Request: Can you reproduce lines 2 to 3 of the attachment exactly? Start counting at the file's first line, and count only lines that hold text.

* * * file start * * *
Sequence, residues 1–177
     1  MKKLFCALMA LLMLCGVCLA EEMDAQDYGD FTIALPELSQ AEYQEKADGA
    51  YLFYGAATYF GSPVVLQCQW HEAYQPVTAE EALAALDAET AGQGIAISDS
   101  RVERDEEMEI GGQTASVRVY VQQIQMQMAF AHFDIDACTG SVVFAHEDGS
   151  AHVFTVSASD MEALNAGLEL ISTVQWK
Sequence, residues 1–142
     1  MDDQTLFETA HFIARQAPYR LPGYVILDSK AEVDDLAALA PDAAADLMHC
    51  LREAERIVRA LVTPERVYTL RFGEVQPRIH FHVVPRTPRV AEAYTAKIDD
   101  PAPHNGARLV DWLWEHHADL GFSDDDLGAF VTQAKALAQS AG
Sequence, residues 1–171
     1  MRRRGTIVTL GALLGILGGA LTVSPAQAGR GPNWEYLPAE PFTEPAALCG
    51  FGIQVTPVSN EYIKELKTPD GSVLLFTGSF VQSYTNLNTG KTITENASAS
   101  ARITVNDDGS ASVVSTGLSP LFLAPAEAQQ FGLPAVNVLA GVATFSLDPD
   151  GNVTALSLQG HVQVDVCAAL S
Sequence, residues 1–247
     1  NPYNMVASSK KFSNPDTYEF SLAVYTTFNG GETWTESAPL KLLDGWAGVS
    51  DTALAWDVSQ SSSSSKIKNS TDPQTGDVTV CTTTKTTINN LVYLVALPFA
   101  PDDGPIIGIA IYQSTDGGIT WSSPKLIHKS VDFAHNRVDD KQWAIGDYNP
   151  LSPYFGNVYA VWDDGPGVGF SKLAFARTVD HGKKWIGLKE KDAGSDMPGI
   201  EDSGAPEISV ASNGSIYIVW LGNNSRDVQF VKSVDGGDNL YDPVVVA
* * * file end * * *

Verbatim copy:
     1  MKKLFCALMA LLMLCGVCLA EEMDAQDYGD FTIALPELSQ AEYQEKADGA
    51  YLFYGAATYF GSPVVLQCQW HEAYQPVTAE EALAALDAET AGQGIAISDS